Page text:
The announcement came early Friday: the federal government will require insurance companies to cover mental health and addiction issues just like they do physical illnesses.
"This is the largest expansion of behavioral health coverage in a generation," said Kathleen Sebelius, Health and Human Services Secretary.
It's all part of the Affordable Care Act. Before, insurance companies could cap mental health coverage, or raise co-pays. Now, that won't be the case.
Experts say the decision is a huge step forward for psychiatric care in the U.S., where 60% of the people with mental illness don't get the help they need.
"Untreated mental illnesses are just devastating in terms of the consequences they can have in people's life," said Tom Eachus of the Black Hawk-Grundy Mental Health Center in Waterloo. "From unemployment to failed relationships, early school dropouts to underemployment, the implications are huge."
According to Eachus, about half of the 6000 people they see at the Center are either uninsured, or their plans don't fully cover them.
The announcement Friday was the last step of a 2008 ruling for mental health parity, and Eachus said it could be a big difference for area patients and their families.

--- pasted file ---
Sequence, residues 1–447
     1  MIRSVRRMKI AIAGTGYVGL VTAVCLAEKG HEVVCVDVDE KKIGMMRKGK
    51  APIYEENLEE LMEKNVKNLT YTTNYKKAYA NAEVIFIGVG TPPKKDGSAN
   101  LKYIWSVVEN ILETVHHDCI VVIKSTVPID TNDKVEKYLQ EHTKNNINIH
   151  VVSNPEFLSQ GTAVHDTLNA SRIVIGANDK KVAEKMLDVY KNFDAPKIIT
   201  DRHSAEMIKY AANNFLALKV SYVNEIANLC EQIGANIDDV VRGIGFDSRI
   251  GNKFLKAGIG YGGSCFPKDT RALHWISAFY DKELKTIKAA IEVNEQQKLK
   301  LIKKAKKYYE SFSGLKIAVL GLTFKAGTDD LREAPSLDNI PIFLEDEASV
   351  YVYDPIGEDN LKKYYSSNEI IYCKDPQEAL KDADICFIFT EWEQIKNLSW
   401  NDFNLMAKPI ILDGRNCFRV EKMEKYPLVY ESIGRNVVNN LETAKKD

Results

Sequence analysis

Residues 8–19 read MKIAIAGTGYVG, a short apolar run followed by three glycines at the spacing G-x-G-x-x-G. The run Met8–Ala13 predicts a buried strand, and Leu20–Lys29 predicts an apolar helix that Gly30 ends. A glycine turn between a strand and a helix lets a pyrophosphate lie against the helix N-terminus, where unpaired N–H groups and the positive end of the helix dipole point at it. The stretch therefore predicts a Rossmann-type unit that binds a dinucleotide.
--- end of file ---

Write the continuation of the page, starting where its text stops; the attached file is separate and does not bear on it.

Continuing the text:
"This legislation just opens up a whole new world of opportunities for people who have mental health problems and addiction disorders in the United States," he said.
Saturday, January 20 2018 2:19 AM EST2018-01-20 07:19:43 GMT
A bitterly-divided Congress is hurtling toward a government shutdown this weekend in a partisan stare-down over demands by Democrats for a solution on politically fraught legislation to protect about 700,000...More >>
A bitterly-divided Congress is hurtling toward a government shutdown this weekend in a partisan stare-down over demands by Democrats for a solution on politically fraught legislation to protect about 700,000 younger immigrants from being deported.More >>